Monday, May 3, 2010

Greg’s Fresh Pasta

Photo 005smI can’t stop rubbing my hands. I can’t stop smelling my hands. They are silky soft from the olive oil and perfumed by tomato (and not in a de-skunking way… rather a sweet, fresh, lovely scent).

I love it when cooking makes you get your hands dirty. That a pasta fork is not sufficient to mush and meld and marry your ingredients. You have to unapologetically dig in, enjoying every squishy and slippery moment. It’s time for you to truly connect to your food.

This recipe came from my good friend Greg, who now gets his moment in the wannafoodie (lime)light. Technically, he’s jumping the queue of other recipes waiting for their moment but this was a great addition and I didn’t want to wait to share it. In reading his recipe, I see his food philosophies mirror my own in many ways… very little measuring, lots of feeling rather than thinking and ridiculously amusing analogies to his actions.

Since there is no cooking, aside from boiling that water, the resulting dish depends so much more on good ingredients. So, get the good stuff – ripe tomatoes, beautiful olive oil and a wedge of parmesan… or your attempt at this will only pale in comparison to how wonderful it COULD have been.
Greg’s Fresh Pasta

*Depending on how many you need to feed, you can adjust accordingly.
1/2 pound / 1/2 packet spaghetti
2 pounds / 2 bags cocktail or cherry tomatoes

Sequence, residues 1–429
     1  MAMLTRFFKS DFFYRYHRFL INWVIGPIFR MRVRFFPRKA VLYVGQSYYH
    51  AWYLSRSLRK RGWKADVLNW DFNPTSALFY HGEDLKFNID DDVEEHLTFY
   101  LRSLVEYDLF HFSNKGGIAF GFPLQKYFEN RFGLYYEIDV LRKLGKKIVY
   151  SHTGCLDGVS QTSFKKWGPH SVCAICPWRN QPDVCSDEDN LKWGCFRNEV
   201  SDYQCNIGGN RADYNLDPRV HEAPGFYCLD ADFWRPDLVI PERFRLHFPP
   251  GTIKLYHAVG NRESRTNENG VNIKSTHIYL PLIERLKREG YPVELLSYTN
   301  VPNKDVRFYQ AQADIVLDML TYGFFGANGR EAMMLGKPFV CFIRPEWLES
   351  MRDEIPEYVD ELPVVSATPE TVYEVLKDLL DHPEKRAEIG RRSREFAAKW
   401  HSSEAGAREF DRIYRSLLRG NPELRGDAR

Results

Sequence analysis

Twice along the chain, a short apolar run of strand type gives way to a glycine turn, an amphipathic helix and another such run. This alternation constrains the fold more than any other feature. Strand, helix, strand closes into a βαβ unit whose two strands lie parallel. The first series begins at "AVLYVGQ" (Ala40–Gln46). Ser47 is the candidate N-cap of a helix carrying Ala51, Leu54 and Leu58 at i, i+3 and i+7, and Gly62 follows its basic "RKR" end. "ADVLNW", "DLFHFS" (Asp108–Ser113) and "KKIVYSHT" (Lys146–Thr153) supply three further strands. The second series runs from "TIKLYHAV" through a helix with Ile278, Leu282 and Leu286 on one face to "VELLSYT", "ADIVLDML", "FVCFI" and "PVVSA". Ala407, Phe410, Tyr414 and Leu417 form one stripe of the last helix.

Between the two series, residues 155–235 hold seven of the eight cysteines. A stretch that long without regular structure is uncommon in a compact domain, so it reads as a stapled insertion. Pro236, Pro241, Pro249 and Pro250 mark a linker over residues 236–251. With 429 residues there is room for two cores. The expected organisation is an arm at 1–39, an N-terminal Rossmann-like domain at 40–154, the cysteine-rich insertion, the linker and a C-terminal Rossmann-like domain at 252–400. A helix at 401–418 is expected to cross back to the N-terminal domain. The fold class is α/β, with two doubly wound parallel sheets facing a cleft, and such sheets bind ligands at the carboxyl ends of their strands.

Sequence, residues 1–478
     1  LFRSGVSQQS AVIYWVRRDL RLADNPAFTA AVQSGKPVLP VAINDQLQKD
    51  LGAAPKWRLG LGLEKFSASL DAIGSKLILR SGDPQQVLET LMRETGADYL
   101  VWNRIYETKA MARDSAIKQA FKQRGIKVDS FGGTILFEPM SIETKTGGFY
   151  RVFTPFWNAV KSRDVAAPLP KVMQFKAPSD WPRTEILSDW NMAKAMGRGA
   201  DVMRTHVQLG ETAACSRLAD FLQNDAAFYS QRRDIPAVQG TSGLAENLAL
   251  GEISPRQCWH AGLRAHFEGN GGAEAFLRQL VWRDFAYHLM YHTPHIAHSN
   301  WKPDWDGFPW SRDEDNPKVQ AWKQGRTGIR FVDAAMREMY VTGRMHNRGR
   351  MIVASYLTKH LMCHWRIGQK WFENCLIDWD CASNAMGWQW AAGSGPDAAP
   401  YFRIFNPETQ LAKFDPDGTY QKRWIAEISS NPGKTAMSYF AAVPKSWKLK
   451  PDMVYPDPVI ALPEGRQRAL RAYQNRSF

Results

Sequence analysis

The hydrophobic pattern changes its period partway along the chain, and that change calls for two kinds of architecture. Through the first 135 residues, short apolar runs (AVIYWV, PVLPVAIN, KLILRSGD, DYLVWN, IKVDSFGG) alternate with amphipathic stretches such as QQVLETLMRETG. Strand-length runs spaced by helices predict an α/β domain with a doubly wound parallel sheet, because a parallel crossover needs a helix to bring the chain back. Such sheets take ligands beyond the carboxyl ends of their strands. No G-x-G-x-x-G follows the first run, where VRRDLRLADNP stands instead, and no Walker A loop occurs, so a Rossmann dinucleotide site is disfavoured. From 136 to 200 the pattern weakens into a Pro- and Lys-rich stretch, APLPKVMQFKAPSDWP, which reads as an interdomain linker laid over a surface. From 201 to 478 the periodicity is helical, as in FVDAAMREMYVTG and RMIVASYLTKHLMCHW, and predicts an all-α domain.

50g / whole lotta fresh basil
Olive oil… 1/3 cup or so…
2 cloves garlic
Balsamic vinegar
Salt and pepper

Put your spaghetti on to boil. In the eight minutes that it takes for it to reach al dente, you will be ready to mix and eat.

Photo 002smIf using cherry tomatoes, cut in half. If cocktail, cut into quarters. I ended up with cocktail tomatoes after falling in love with these zebra tomatoes at the farmer’s market that morning… that and my “party pack” of basil that made the farmer laugh. Toss into a large bowl. Tear your fresh basil and add in. Greg says, “add a bunch of glugs of olive oil” at this point… so do that. I added probably a 1/3 of a cup of good cold pressed, fruity, greenish olive oil. Finely chop your garlic and add this in. Now season with your salt and pepper. Last, a drizzle of vinegar over everything. I used balsamic because I absolutely love it and have about six or seven different kinds but Greg used red and/or wine vinegar… so go with what you have or are so inclined to use.
Photo 004smNow it is time to “squish the crap out of everything.” So get to it! Roll up your sleeves, put on that apron (if you didn’t already) or say goodbye to that shirt… squish and mush and mix. I have a feeling that these tomatoes are pulverized in Greg’s wake but he warns to watch for tomato squirts (there was another amusing analogy used here… ask me and I’ll tell you what he likened this to). I’m sure that I was a bit delicate with mine… mostly because the zebra ones were quite firm and they didn’t quite get the message that I was the boss.

Greg would have added in some thinly sliced spicy Italian sausage at this point. The only reason that I didn’t is because I forgot to grab some from the grocery… but I think that is what I will do with the leftovers, so that I’m not eating the same meal three or four times over.
Photo 006sm
*ding* Your pasta is cooked. Test it. Drain it, then dump it over the tomato mixture. Mix again. I used my hands here too… It was way easier and infinitely more enjoyable than the mediocre job that my pasta fork was doing.

Grate lots of fresh parmesan over your dish and eat.

2 thought(s):

Sarah Marlayne said...

I am so going to make this very soon...making my mouth water!!

wannafoodie said...

I forgot to mention... I used a tiny drizzle of truffle oil at the end. If you're a fan, go for it. If it's not your thing, then don't bother. I thought it just added all the more to that freshy, earthy wonderfulness...

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